Some say Harris has a nutritional maturity beyond his years, and most people don’t start addressing their diets until they’re forced to do so in their 40s or 50s. Case in point, Tobias’ dad (and agent) Torrel Harris: “I’m 58 years old and I’m just now learning about nutrition and what to eat,” says the elder Harris. “And I’m learning it all from my son. The thing about Tobias is, anything he can do to be a perfectionist, he’s going to do it.”
Like a good perfectionist, Harris has enlisted one of the top professional chefs around to design his day-to-day fare: Sam Miller, owner of Progressive Wellness LLC in New York City. Though a vegan himself, Miller includes chicken, turkey, fish and occasionally red meat in Harris’ program, but the main staples of his meals are eggs, avocados and an endless assortment of fruits, vegetables, seeds and superfoods. Everything’s natural, everything’s organic and everything is intentionally rationed in the optimal amounts of carbohydrates, proteins and fats.
But hard training and clean eating aren’t the only things that will get you all-star status, and it takes a village to raise, nurture and develop a successful pro athlete. Harris’ village is working overtime these days, starting with his parents, dad Torrel and mother Lisa, who deserve big kudos for instilling a superior maturity and staunch work ethic in their son. It then extends to Harvey and Miller who provide Harris with strength and nutritional fortitude. But one of the largest cornerstones belongs to legendary Basketball Hall-of-Fame member George “The Iceman” Gervin, who serves as Harris’ hoops mentor and works with Harris on his sports-specific fundamentals, including ball handling, footwork and conditioning.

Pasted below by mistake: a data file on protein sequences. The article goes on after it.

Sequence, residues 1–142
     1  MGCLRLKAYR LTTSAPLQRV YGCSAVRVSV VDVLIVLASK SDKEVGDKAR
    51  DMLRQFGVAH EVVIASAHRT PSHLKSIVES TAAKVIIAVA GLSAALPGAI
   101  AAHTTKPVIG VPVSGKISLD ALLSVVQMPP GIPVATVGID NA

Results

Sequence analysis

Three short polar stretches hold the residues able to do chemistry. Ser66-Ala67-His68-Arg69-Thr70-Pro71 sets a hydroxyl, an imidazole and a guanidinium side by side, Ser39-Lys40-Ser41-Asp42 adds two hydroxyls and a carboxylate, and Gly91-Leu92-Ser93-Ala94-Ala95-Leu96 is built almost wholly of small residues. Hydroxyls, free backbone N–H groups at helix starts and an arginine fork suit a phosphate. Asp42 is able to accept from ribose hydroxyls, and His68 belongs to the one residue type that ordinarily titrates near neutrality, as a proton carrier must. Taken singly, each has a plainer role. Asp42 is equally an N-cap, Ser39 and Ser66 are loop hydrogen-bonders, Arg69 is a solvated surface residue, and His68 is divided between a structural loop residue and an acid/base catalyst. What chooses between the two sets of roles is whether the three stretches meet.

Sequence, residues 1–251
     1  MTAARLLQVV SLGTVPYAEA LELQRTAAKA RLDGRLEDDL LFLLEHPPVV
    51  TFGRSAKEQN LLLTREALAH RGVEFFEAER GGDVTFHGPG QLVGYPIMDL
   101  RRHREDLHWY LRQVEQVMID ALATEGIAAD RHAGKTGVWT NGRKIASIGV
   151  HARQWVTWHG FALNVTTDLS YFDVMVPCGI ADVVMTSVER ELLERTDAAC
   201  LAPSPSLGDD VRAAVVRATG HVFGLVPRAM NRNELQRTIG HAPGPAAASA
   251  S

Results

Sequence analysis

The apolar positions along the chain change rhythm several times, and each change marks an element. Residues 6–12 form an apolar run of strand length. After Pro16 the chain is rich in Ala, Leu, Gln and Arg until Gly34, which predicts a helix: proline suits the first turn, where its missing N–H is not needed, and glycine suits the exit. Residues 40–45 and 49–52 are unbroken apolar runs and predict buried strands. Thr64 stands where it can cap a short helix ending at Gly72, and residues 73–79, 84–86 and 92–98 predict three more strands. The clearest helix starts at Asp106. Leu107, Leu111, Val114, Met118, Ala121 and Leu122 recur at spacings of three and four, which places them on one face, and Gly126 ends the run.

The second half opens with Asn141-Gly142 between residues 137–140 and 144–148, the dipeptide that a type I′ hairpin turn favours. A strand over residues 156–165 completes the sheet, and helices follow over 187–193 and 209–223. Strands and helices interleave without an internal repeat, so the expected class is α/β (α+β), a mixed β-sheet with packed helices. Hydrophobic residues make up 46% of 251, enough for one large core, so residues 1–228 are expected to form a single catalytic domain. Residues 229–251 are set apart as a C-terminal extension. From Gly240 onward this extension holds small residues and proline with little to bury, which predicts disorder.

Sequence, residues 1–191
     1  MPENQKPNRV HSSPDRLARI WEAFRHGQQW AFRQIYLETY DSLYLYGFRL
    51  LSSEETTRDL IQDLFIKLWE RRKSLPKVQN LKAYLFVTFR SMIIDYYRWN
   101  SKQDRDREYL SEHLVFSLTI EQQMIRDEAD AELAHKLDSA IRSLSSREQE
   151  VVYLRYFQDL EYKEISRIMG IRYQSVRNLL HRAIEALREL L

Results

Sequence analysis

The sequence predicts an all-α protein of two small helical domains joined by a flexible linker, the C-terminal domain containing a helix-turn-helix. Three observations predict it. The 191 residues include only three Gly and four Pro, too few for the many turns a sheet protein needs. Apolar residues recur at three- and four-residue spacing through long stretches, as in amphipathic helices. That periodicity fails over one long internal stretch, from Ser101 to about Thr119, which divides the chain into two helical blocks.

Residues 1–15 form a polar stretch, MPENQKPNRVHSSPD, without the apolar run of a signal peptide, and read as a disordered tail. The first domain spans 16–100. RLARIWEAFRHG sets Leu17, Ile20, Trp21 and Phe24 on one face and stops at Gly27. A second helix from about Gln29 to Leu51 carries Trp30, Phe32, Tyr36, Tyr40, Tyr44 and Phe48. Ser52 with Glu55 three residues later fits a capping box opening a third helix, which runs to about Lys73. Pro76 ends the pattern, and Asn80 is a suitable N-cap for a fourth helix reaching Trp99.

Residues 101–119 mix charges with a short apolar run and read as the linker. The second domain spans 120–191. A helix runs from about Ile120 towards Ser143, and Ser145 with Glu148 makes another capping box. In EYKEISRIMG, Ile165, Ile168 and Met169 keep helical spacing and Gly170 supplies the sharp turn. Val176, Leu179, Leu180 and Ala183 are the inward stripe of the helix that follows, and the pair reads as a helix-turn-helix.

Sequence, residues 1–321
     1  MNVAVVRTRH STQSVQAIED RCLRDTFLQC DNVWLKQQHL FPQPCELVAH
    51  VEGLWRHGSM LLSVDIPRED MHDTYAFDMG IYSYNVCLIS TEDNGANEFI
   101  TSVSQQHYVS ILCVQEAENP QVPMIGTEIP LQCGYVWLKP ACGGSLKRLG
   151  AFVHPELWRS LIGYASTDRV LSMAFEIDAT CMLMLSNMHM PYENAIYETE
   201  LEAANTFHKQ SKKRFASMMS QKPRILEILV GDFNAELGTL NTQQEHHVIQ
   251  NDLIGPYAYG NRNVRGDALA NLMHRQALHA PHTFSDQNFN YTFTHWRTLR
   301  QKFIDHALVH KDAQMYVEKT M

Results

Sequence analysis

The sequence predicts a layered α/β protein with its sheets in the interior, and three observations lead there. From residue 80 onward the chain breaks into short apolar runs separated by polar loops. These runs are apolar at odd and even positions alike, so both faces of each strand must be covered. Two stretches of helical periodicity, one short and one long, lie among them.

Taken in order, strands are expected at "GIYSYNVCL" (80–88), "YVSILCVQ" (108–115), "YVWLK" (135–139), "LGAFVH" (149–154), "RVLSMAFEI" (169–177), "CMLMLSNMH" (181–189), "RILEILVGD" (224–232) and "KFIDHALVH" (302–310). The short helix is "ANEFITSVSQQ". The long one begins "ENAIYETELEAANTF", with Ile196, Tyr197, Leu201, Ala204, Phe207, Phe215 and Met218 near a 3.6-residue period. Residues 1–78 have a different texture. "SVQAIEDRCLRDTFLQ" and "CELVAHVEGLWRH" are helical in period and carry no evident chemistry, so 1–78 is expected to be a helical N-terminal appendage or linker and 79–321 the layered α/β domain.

“Once you’re fundamentally sound, the game is mental,” says Gervin. “It’s all about your approach. Tobias is an all-star-caliber basketball player. I know that, but he’s got to prove that to himself. I can’t do anything with that. You’ve got to have your own mental toughness. And he’s got it. Now it’s time to be an all-star and let everyone else know what I know.”
Making an All-Star: TRAINING
Designed by Pistons head strength and conditioning coach Anthony Harvey, CSCS, Tobias Harris’ training program is complex. Harvey gave M&P a glimpse into the small forward’s offseason schedule — without giving away any trade secrets!
Harris trains five days a week in the gym. He focuses on upper body on Mondays and Thursdays, lower body on Tuesdays and Fridays, and does active recovery workouts on Wednesdays.
His six-week summer program is further broken down into three two-week phases, and each of the following four major movements are performed once per week for four sets of three to five reps apiece: squat, leg press, bench press and lat pulldown. When performing those exercises, Harris uses these techniques to develop power, strength, endurance and stability:
1. Eccentric Phase Using a two-week cycle, Harris varies the time of the negative portion of his reps, lowering the weight for 3 seconds during Week 1 and 5 seconds during Week 2. He then explodes up on the positive. The load is the heaviest during this phase — more than his one-rep max — so a spotter is required.
2.Isometric Phase In this phase, he lowers the weight as fast as possible on the negative, holding the transition point for 3 to 5 seconds, then explodes up on the positive. The load is lighter than in the previous phase.
3.Concentric Phase This involves performing both the eccentric and concentric portions as fast as possible with no isometric hold during the set. The load is lighter than in the previous phase.